The coronavirus pandemic has forced the NFL to try out something it never has before: going 100 percent virtual. Earlier this week, NFL commissioner Roger Goodell announced that the NFL will hold a virtual draft with team personnel separately located in their homes — which means teams could potentially run into problems they’ve never encountered before during one of the most important events of the year.
While several issues could arise such as videoconferencing hacking, internet outages or power outages, Cincinnati Bengals head coach Zac Taylor is more excited than he is apprehensive.
“I think our guys have really embraced it and done a good job of adjusting,” Taylor said during a virtual press conference on Wednesday. “We’re excited to see what the draft looks like this way. I know there are some people uneasy around the league about it, but I’m excited to see how it all plays out and what it looks like and who can adjust the best.”
The league plans to hold a full 32-team mock draft in advance of the real event so they can try to work out all of the kinks, but Taylor says the Bengals have had meetings with everybody who will be involved in the draft process over the last few weeks, and they feel comfortable about embracing this challenge.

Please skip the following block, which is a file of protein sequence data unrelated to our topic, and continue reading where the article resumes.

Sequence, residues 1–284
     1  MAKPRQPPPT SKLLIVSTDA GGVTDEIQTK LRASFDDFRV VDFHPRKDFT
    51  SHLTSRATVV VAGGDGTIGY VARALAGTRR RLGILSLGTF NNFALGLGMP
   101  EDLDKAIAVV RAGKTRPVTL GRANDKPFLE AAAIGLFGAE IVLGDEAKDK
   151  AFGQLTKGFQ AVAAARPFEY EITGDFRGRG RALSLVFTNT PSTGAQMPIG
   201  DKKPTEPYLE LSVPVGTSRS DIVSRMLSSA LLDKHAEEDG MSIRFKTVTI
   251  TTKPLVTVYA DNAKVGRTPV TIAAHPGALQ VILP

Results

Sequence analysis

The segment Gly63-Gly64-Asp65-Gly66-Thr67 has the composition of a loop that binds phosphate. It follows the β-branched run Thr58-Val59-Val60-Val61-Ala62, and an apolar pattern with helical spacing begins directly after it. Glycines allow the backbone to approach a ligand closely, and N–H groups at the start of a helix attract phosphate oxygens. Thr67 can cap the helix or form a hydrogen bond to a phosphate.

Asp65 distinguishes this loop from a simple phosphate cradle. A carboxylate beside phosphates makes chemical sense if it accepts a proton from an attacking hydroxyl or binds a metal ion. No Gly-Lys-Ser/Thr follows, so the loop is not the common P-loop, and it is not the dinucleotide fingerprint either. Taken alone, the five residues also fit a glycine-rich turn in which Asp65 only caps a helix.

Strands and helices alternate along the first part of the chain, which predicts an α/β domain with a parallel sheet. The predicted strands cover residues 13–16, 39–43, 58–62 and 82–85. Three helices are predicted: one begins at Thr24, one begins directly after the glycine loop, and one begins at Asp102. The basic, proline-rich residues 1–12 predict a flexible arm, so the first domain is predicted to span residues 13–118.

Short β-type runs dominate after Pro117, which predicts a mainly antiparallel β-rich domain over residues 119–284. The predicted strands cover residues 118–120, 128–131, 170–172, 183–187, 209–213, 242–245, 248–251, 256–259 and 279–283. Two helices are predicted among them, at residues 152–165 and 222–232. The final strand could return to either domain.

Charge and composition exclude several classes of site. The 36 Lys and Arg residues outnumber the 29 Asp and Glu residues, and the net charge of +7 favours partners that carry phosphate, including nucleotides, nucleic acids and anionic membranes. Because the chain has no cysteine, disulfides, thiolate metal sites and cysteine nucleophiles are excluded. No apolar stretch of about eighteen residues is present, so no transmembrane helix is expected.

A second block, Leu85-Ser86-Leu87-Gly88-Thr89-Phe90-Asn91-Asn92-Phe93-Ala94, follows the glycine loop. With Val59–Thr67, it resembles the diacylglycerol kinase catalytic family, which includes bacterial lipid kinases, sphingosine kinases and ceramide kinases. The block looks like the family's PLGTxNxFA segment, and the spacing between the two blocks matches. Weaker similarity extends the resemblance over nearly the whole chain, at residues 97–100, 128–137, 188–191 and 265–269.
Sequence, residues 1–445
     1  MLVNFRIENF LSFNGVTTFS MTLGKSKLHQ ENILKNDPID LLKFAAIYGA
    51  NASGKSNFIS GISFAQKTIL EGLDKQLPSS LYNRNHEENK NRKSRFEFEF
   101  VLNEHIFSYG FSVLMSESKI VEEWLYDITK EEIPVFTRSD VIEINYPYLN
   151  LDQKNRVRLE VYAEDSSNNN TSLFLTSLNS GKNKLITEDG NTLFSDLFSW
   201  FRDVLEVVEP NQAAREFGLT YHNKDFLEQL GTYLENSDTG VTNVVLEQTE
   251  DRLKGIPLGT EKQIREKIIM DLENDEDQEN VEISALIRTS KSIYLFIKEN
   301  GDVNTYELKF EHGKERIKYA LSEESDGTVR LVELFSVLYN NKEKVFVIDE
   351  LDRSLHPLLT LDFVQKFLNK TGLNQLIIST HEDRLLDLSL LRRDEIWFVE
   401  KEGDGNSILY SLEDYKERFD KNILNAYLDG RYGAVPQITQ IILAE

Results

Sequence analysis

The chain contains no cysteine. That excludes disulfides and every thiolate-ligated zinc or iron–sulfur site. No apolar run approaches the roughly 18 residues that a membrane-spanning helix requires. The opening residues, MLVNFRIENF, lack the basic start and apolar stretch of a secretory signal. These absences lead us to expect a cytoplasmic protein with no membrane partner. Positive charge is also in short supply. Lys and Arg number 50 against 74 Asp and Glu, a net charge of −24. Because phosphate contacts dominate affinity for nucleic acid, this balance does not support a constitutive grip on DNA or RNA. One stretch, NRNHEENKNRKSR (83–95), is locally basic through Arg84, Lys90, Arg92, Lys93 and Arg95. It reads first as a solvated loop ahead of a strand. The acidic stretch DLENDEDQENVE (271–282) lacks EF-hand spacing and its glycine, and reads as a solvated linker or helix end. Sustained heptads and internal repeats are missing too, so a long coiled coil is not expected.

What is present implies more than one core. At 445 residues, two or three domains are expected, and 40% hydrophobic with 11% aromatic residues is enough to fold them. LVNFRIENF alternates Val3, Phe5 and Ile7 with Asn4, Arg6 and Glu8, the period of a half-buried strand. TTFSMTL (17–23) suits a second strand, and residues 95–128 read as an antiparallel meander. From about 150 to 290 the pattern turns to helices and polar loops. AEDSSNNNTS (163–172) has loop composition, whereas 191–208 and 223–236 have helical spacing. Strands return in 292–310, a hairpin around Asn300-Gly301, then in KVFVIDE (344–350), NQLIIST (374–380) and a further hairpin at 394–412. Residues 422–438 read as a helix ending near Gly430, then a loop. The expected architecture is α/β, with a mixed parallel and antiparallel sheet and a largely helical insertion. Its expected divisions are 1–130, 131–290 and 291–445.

“We’ve had meetings with everybody in the building over the last three weeks. We all feel real comfortable with it,” Taylor said. “You can make phone calls. It does benefit us, because we pick at the top of the round in a lot of those rounds, so you’re coming off an open day, really, and so we have some communication that can take place over an 18-hour period in a couple of those rounds. Again, we feel very, very comfortable with the process that’s going to unfold for us. We’ve had great communication throughout.”
Baltimore Ravens head coach John Harbaugh voiced his concern about his earlier this week, and he’s clearly not as excited for this virtual event as his fellow AFC North head coach.
“Yeah, big concern,” Harbaugh said during a conference Zoom call on Monday, via Jonas Shaffer of the Baltimore Sun. “Every time I read something in, like, the Wall Street Journal or the New York Times that talks about how messed up Zoom is, or some of these other deals … I immediately text it to our IT people, and [director of football administration] Nick Matteo’s one of those guys, and they assure me that we are doing everything humanly possible.”
Additionally, NFL staff members about IT employees entering their homes for fear of spreading the virus, according to ESPN’s Adam Schefter. While there will surely be some technological learning curves NFL general managers and head coaches will have to get over, the fact that the league plans on hosting a practice draft should help put everyone at ease. The Bengals hold the No. 1 overall pick in the 2020 NFL Draft, so they will kick off the virtual event come Thursday April 23.recently amongst certain coaches and other